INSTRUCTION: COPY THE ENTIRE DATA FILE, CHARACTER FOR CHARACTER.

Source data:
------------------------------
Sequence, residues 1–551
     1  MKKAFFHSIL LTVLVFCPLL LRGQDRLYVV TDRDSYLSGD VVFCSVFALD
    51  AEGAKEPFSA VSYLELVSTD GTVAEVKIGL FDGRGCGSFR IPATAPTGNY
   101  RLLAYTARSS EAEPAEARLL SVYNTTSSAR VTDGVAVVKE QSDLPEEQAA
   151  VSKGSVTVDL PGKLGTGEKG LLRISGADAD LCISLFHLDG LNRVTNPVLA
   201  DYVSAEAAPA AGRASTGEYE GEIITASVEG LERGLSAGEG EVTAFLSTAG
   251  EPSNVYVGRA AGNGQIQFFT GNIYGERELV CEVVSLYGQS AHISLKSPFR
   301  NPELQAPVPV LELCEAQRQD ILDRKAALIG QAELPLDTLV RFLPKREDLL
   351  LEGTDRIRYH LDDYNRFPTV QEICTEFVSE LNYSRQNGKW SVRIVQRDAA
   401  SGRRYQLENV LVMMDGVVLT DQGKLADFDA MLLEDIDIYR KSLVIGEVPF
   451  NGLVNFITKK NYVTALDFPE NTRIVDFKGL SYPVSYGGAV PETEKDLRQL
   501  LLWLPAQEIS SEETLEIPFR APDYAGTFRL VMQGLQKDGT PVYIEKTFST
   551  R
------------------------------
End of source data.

Sequence, residues 1–551
     1  MKKAFFHSIL LTVLVFCPLL LRGQDRLYVV TDRDSYLSGD VVFCSVFALD
    51  AEGAKEPFSA VSYLELVSTD GTVAEVKIGL FDGRGCGSFR IPATAPTGNY
   101  RLLAYTARSS EAEPAEARLL SVYNTTSSAR VTDGVAVVKE QSDLPEEQAA
   151  VSKGSVTVDL PGKLGTGEKG LLRISGADAD LCISLFHLDG LNRVTNPVLA
   201  DYVSAEAAPA AGRASTGEYE GEIITASVEG LERGLSAGEG EVTAFLSTAG
   251  EPSNVYVGRA AGNGQIQFFT GNIYGERELV CEVVSLYGQS AHISLKSPFR
   301  NPELQAPVPV LELCEAQRQD ILDRKAALIG QAELPLDTLV RFLPKREDLL
   351  LEGTDRIRYH LDDYNRFPTV QEICTEFVSE LNYSRQNGKW SVRIVQRDAA
   401  SGRRYQLENV LVMMDGVVLT DQGKLADFDA MLLEDIDIYR KSLVIGEVPF
   451  NGLVNFITKK NYVTALDFPE NTRIVDFKGL SYPVSYGGAV PETEKDLRQL
   501  LLWLPAQEIS SEETLEIPFR APDYAGTFRL VMQGLQKDGT PVYIEKTFST
   551  R